It’s a privilege, albeit a twisted one, to be able to grieve on such a philosophical level. I’m able to do so in part because I’m not currently bereft by personal loss. My family is isolated and lonely but able to remain physically safe and economically stable. I’m effectively floating through my year but also have the wherewithal to figure out how to change my address on my voting registration. I feel pretty consistently untethered but have not lost members of my close community and extended family to COVID. I am so angry at how dysfunctional every corner of our government has proven itself but I am not warding off eviction.

To recognize all of that as privilege is both essential and just heart-throttlingly sad. It should not be a privilege to feel physically safe and economically stable; it should be the norm. It should not be a privilege to have a modicum of security about your ability to vote in a democracy; it should be the norm. It should not be a privilege to live in a place where the government does all that it can to contain a deadly virus, and it should not be a privilege to be able to avoid eviction. All that shit we now call “privilege” should just be the baseline of existence in countries as supposedly developed and rich as ours.

And these quasi-new-but-not-really-new lines of this privilege are reinscribing all the old ones. Only 35% of black women and 47% of Hispanic men who’ve lost their jobs have recovered them— compared to 61% of white women. The COVID death rate for black people is ten times higher than white people. If you are Native, and live on or grew up on a reservation, that reservation has almost certainly gone through — or is still going through — a massive outbreak, and have struggled for months to even have infection rates reported accurately. Filipinos make up 4% of the nursing force in the US, but 31.5 percent of the nurse deaths. One out of every 1000 people in Mississippi has died from COVID. In New York City, the neighborhoods hardest hit by COVID were also the poorest. As Marissa Evans wrote in The Atlantic last week, “the grief has not been evenly distributed.”

We know this. It’s so difficult to know what to do with despair that feels, for whatever reason, comparatively less. But less grief does not mean no grief. A refusal to feel it is an invitation to feel nothing at all — which, over time, only alienates us from others’ suffering.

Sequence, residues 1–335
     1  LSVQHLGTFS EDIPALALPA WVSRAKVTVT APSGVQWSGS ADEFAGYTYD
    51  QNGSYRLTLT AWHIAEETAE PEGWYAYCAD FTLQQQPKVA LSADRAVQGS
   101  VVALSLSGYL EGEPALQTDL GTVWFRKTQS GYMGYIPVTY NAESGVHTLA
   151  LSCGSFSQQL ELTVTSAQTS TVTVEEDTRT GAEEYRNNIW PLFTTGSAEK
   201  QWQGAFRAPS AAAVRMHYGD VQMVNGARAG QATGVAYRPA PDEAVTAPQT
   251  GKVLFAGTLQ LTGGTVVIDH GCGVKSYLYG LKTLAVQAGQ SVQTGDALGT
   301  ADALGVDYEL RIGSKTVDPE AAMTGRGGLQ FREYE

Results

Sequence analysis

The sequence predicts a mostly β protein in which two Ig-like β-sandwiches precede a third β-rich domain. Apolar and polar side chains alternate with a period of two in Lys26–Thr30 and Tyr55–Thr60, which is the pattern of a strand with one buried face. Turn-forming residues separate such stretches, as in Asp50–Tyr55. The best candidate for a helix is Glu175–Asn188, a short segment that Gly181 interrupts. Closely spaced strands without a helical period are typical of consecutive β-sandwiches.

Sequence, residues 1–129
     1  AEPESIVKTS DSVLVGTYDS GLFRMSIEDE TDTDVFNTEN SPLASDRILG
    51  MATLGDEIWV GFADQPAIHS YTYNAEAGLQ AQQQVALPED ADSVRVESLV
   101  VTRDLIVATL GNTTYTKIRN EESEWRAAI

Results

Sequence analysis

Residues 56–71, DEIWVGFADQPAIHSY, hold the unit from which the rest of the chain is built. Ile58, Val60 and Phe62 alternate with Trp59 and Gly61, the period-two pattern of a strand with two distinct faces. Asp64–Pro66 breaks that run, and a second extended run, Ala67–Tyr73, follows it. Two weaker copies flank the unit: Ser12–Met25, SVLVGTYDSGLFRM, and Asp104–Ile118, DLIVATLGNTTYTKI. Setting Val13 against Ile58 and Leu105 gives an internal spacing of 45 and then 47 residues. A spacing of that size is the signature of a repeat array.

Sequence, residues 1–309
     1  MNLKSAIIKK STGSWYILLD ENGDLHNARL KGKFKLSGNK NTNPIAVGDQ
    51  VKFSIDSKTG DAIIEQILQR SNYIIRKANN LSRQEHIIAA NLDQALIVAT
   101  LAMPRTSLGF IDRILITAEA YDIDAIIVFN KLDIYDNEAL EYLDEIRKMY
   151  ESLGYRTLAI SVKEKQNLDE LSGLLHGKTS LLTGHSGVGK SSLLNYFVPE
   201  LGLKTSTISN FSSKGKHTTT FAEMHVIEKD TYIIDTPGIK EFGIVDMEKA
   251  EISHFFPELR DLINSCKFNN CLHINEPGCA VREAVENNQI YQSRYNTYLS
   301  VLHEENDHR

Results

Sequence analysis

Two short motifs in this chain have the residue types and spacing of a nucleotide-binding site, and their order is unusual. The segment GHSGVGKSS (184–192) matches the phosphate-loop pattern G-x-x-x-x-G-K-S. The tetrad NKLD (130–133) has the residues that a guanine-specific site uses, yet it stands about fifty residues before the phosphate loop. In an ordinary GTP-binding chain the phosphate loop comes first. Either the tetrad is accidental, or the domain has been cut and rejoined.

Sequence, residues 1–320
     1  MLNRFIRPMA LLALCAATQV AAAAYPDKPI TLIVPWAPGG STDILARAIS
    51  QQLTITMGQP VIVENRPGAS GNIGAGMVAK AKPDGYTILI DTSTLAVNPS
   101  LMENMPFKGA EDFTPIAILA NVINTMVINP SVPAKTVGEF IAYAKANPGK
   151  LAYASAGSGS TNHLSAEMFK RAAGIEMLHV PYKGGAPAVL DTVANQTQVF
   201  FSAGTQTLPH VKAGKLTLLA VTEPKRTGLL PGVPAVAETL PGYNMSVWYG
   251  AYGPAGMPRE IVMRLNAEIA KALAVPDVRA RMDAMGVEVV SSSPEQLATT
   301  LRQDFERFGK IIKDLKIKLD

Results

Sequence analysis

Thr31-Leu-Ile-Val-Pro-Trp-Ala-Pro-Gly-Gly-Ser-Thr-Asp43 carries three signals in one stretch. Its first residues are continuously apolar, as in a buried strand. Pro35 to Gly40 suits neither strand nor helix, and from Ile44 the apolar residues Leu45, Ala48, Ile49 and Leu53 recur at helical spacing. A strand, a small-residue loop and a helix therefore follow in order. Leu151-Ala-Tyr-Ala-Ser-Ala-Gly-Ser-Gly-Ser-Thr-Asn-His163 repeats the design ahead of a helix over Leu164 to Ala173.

Whatever grief you are feeling, whether related to COVID or otherwise, whether anticipatory or existential, whether related to your own health or the world’s or your community’s — it matters. It doesn’t matter more, but it matters. And that means we have to continue to find words for it, continue to allow it to shape our lives, continue to allow it to piss us off. If you can’t face the depths of it in this moment, that’s okay. But again: grief doesn’t go away when ignored. It blackens and sours. It turns us away from others instead of towards them.

It’s difficult to actually understand the twists and turns of others’ sadness right now. But the thing I keep close is that it didn’t have to be this way. It just fucking didn’t, and we should be collectively and righteously furious about that. The massive mishandling of this pandemic on virtually every level has transformed a virulent disease into a cascading societal crisis. And it’s certainly okay to grieve that. Grief, after all, can be a profoundly galvanizing and clarifying force.

Here’s what’s been clarified for me: all these systems that are supposed to protect us from this sort of grief, or at the very least ease it, are broken as shit — and have been for some time. That brokenness has created new inequities, but it’s also exacerbated old ones. The grief is not evenly distributed now, and it was not evenly distributed before.

To grieve is, in many ways, to honor. And honor, in this moment, requires listening: to ourselves; to others and their immediate needs; but most importantly, to those who’ve been trying to make us see the contours and causes of their grief for years.

Things I Read and Loved This Week: